Oh, Utah

I volunteered at a folk festival this weekend, and I think my brain fell out when I hit the festival grounds. Or at least the brain I've become accustomed to did, and it's Utah's fault.

Utah Phillips was at the festival, and I don't know how he does it, but whenever he opens his mouth and starts speaking, I have to struggle to hold back my weeping. He told a hilarious story about a bull with a moose calling horn shoved up his butt, and I was blinking back water. He told a story about how difficult his anarchist friend, Ammon Hennacy, could be to talk to, and I swiped tears from my cheeks. He talked about places he had seen while walking around Cityville, and I almost needed someone to hang onto to keep me from going to pieces. He makes me lose my shit. It's a good thing that I didn't get the opportunity to speak to him personally, because I probably would have crumpled to the ground and wept on his shoes.

utah phillips 5

It's a good reaction, I think, if a little over the top. Seeing him in person was a visceral experience. It is as though he crawled right into my chest and rolled around in my guts. Everything he said was right and good and made me want to be right and good. He makes me want to quit my job, because it does not support my spirit or foster a decent community. He makes me want to say no to all the crap I put up with in pursuit of the kind of security I've been told is important and say yes to new kinds of work that don't continually keep me down.

He made me feel like I'm having a mid-life crisis a little early. It's terrifying but fucking fabulous.

I have been doing the wrong kind of work for years, and I've known it, but I have stayed with it because I am scared of jumping out into the unknown. I hide behind the fact that I never finished my university degree and my inability to decide what to go to school for and my ongoing student loan payments. I tell myself that my job is perfect for me, because I don't bring it home with me and I have excellent benefits and a good chunk of vacation time.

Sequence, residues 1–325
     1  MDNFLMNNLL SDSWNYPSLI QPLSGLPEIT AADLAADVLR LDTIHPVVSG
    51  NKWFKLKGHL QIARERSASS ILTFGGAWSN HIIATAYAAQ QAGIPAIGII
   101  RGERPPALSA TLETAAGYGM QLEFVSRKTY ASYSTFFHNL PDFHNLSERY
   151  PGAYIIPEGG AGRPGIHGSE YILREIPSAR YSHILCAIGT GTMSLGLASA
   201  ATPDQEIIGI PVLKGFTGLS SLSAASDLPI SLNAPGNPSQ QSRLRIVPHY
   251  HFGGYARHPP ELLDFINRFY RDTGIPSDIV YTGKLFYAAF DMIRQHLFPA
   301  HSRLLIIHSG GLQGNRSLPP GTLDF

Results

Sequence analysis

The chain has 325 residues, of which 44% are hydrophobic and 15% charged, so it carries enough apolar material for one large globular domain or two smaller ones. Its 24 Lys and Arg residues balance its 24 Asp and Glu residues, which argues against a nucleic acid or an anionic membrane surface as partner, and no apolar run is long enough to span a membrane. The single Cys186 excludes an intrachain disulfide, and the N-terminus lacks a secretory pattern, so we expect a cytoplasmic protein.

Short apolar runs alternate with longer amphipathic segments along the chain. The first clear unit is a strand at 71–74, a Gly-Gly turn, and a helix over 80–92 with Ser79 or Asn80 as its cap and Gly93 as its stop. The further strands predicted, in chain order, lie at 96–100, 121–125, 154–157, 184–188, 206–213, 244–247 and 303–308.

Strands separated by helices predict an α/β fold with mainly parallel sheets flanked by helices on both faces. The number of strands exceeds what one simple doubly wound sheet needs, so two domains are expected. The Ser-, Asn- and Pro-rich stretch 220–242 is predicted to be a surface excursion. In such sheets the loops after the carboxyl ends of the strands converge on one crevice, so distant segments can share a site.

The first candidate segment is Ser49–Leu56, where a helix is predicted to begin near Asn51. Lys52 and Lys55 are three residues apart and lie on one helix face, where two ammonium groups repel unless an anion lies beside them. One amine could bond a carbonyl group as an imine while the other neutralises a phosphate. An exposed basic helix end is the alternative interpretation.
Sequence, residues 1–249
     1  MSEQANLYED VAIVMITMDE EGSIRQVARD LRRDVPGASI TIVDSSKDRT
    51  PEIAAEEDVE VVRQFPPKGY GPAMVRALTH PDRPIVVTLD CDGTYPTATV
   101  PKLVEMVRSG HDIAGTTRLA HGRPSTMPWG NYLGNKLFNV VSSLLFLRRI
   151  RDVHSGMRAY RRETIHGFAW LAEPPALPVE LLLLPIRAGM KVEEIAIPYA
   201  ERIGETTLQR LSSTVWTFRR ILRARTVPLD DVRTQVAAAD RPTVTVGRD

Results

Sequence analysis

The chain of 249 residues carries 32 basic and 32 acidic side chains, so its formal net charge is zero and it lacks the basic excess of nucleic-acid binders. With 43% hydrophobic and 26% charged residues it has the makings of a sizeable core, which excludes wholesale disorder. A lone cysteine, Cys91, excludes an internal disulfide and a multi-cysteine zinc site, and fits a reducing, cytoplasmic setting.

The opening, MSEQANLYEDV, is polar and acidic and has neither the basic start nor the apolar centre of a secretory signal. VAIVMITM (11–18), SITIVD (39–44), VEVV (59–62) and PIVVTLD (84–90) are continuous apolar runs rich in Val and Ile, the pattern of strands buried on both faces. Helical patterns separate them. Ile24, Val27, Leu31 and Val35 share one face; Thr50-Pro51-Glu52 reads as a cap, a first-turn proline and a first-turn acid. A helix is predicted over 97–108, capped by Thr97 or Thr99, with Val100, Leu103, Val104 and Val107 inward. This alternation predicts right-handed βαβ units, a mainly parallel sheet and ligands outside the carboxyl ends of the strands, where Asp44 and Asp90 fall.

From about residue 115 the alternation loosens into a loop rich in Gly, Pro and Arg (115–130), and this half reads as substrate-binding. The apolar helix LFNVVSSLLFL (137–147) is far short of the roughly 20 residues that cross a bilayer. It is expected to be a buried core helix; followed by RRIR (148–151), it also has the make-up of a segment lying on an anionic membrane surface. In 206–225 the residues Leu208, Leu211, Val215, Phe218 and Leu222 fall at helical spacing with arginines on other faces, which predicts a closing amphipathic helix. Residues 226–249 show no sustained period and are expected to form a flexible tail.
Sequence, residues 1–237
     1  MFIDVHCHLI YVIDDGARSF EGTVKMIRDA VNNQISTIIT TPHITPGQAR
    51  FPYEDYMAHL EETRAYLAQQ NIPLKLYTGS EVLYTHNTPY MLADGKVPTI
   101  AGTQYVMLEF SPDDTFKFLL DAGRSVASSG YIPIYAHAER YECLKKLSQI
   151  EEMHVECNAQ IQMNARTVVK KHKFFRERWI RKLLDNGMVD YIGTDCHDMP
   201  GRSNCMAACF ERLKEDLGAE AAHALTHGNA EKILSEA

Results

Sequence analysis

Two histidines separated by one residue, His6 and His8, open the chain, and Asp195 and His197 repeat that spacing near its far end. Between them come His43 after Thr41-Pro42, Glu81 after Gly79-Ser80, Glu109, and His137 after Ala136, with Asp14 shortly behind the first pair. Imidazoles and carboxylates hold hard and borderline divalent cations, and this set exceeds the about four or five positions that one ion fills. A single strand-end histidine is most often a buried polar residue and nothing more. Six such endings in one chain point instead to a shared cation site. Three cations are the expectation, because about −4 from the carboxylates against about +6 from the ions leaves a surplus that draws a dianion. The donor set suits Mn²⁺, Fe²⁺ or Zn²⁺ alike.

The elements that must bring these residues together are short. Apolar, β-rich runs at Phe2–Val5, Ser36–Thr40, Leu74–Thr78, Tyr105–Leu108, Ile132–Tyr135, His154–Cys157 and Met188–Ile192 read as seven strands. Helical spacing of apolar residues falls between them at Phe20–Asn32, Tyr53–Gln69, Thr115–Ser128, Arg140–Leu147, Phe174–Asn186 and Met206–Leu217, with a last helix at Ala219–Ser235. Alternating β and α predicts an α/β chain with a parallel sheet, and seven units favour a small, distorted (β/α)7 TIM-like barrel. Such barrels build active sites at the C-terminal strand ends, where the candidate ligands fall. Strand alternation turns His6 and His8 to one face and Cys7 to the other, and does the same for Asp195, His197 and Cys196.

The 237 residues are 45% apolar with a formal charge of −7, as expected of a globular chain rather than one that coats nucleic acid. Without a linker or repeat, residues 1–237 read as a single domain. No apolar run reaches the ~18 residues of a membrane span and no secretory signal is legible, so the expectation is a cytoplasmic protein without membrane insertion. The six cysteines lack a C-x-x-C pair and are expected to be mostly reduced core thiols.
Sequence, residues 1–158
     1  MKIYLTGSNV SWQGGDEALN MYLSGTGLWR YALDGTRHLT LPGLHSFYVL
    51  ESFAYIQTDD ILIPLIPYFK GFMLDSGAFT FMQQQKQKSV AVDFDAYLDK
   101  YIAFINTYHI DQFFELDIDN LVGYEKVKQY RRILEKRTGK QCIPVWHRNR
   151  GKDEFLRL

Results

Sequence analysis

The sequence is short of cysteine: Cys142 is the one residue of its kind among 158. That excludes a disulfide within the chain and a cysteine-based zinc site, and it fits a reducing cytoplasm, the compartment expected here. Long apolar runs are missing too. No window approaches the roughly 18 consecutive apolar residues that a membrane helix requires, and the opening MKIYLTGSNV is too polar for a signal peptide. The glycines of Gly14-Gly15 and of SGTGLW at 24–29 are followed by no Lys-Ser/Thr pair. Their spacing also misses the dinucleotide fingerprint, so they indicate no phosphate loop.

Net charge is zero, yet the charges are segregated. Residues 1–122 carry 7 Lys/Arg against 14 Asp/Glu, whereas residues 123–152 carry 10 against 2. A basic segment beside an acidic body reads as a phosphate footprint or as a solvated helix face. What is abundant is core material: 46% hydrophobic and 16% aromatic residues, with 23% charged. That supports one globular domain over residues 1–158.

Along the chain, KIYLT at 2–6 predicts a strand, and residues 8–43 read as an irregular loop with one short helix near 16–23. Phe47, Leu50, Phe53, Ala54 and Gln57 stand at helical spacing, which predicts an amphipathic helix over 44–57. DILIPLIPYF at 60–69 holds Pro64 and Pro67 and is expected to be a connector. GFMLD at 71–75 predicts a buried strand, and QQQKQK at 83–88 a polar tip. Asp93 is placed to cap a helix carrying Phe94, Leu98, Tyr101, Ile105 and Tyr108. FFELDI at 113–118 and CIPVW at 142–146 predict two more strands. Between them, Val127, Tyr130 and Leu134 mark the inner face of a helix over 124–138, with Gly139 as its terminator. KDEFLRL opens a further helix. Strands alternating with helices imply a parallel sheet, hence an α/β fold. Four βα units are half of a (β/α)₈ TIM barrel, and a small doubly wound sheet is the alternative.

Except that I do bring the stress of my job home in so many ways, and I probably don't even realize how many aspects of my life are being affected, because it ties up more than forty hours of my waking time during the week and pulls me into a whole world of stress that I carry with me physically and emotionally. It leaves me feeling impotent and anxious.

Utah made my heart feel broken when he spoke, because he made me see how out of place I am. He's brilliant. I wanted to curl up inside the warmth of his shirt pocket.

So, this begs the question: WHY DO I VOLUNTARILY SPEND SO MUCH OF MY WAKING LIFE IN A SITUATION THAT DOES THAT TO ME?!

Even writing this out has got my palms all sweaty, like now I might have to do something, say something, be something out loud. What now? School? Open a business? Ride the rails? Start wearing patchouli, go vegan, and buy a pair of earth shoes? Start following Utah from festival to festival like he's the Grateful Dead?

Sweet Jeebus. I spend three days at a folk festival and come out wanting to follow my bliss. I feel like this guy looks:

madman

Shoot me.

Places I've been recently: riley dog, forksplit, and Styrofoam Kitty.

Elan Morgan18 Comments